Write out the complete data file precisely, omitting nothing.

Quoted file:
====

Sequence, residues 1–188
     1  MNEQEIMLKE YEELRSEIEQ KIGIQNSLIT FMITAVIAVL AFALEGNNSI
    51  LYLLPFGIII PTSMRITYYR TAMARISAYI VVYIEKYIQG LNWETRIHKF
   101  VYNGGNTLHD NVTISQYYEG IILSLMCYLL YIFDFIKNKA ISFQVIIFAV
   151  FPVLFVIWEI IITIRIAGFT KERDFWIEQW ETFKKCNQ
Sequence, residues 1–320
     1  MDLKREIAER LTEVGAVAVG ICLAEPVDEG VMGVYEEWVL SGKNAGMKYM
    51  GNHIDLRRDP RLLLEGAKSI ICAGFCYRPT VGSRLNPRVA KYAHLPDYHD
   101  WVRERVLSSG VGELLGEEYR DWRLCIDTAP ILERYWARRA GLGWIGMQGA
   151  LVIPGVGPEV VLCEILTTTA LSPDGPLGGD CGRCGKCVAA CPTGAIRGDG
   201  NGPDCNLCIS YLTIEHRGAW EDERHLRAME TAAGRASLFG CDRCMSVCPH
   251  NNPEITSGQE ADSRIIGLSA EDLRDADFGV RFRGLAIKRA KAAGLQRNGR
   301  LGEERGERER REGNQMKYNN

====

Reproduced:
Sequence, residues 1–188
     1  MNEQEIMLKE YEELRSEIEQ KIGIQNSLIT FMITAVIAVL AFALEGNNSI
    51  LYLLPFGIII PTSMRITYYR TAMARISAYI VVYIEKYIQG LNWETRIHKF
   101  VYNGGNTLHD NVTISQYYEG IILSLMCYLL YIFDFIKNKA ISFQVIIFAV
   151  FPVLFVIWEI IITIRIAGFT KERDFWIEQW ETFKKCNQ
Sequence, residues 1–320
     1  MDLKREIAER LTEVGAVAVG ICLAEPVDEG VMGVYEEWVL SGKNAGMKYM
    51  GNHIDLRRDP RLLLEGAKSI ICAGFCYRPT VGSRLNPRVA KYAHLPDYHD
   101  WVRERVLSSG VGELLGEEYR DWRLCIDTAP ILERYWARRA GLGWIGMQGA
   151  LVIPGVGPEV VLCEILTTTA LSPDGPLGGD CGRCGKCVAA CPTGAIRGDG
   201  NGPDCNLCIS YLTIEHRGAW EDERHLRAME TAAGRASLFG CDRCMSVCPH
   251  NNPEITSGQE ADSRIIGLSA EDLRDADFGV RFRGLAIKRA KAAGLQRNGR
   301  LGEERGERER REGNQMKYNN